New York, NY, September 8, 2021 – More than one million people in the U.S. receive a cancer diagnosis each year, and most believe that there is little they could have done to prevent it. That belief, however, is inaccurate.
Only about one in five cancers are genetically based, and an even smaller percentage are inherited. As it turns out, cancer is largely a preventable disease.
“Although no cancer is 100% preventable, people do have control over many risk factors through their daily lifestyle choices,” said John Whyte, MD, a practicing physician, board-certified internist and Chief Medical Officer at WebMD. “I want to help people get out of their ‘nothing I can do’ mindset and begin the best cancer treatment of all: Prevention.”
In his new book, Take Control of Your Cancer Risk (Harper Horizon, Oct. 5, ISBN 9780785240402), Dr. Whyte sets out to bust the myths about cancer risk and explains how making simple changes, even just one at a time, can make a difference, including: treating food and herbs like prescription medicine; knowing how best to exercise (hint: it has nothing to do with walking 10,000 steps a day); getting quality sleep, and how to manage stress and harmful inflammation.
“The good news is, preventive steps are simple and straightforward (notice I did not say ‘easy’!),” says Dr. Whyte, “but my hope is that this book will open people’s eyes to all they can do to prevent cancer, and give them the tools and strategies they need to become their own health advocate and create their own personal cancer prevention program.”
ABOUT THE AUTHOR:
John Whyte, MD, MPH, is a popular physician and writer who has been communicating to the public about health issues for nearly two decades.
In his role as chief medical officer of WebMD, Whyte leads efforts to develop and expand strategic partnerships that create meaningful change around important and timely public health issues. Prior to WebMD, Whyte served as the director of professional affairs and stakeholder engagement at the Center for Drug Evaluation and Research at the U.S. Food and Drug Administration. Whyte worked with health care professionals, patients, and patient advocates, providing them with a focal point for advocacy, enhanced two-way communication, and collaboration, assisting them in navigating the FDA on issues concerning drug development, review, and drug safety. He also developed numerous initiatives to address diversity in clinical trials.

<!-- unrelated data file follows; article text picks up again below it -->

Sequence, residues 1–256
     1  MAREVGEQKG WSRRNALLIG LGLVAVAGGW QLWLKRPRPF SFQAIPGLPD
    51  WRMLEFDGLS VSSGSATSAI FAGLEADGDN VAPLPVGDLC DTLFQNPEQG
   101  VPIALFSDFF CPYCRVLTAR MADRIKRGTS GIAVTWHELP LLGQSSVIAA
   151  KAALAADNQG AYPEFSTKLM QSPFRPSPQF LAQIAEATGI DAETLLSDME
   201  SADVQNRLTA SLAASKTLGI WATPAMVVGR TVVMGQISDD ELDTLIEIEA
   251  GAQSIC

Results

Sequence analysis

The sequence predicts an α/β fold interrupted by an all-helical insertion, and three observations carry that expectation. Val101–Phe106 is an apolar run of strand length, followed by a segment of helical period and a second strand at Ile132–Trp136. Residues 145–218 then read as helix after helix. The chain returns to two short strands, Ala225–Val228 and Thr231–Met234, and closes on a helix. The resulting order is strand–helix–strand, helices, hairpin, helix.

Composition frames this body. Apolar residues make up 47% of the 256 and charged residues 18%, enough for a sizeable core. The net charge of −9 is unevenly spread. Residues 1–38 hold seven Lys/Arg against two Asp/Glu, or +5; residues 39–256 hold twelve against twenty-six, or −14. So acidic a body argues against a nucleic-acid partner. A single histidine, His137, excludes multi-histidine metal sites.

Prior to this, Whyte worked for nearly a decade as the chief medical expert and vice president, health and medical education, at Discovery Channel, the leading nonfiction television network. In this role, Whyte developed, designed, and delivered educational programming that appealed to both a medical and lay audience. This included television shows as well as online content that won over 50 awards, including numerous Tellys, CINE Golden Eagle, and Freddies.
Whyte is a board-certified internist. He completed an internal medicine residency at Duke University Medical Center and earned a Master of Public Health in health policy and management at Harvard University School of Public Health. Prior to arriving in Washington, DC, Whyte was a health services research fellow at Stanford and attending physician in the department of medicine.
WebMD Health Corp., an Internet Brands Company, is the leading provider of health information services, serving patients, physicians, health care professionals, employers, health plans and health systems through public and private online portals, mobile platforms, and health-focused publications. The WebMD Health Network includes WebMD Health, Medscape, Jobson Healthcare Information, MediQuality, Frontline, Vitals Consumer Services, Aptus Health, Krames, PulsePoint, The Wellness Network, MedicineNet, eMedicineHealth, RxList, OnHealth, Medscape Education, and other owned WebMD sites. WebMD®, Medscape®, CME Circle®, Medpulse®, eMedicine®, MedicineNet®, theheart.org ®, and RxList® are among the trademarks of WebMD Health Corp. or its subsidiaries.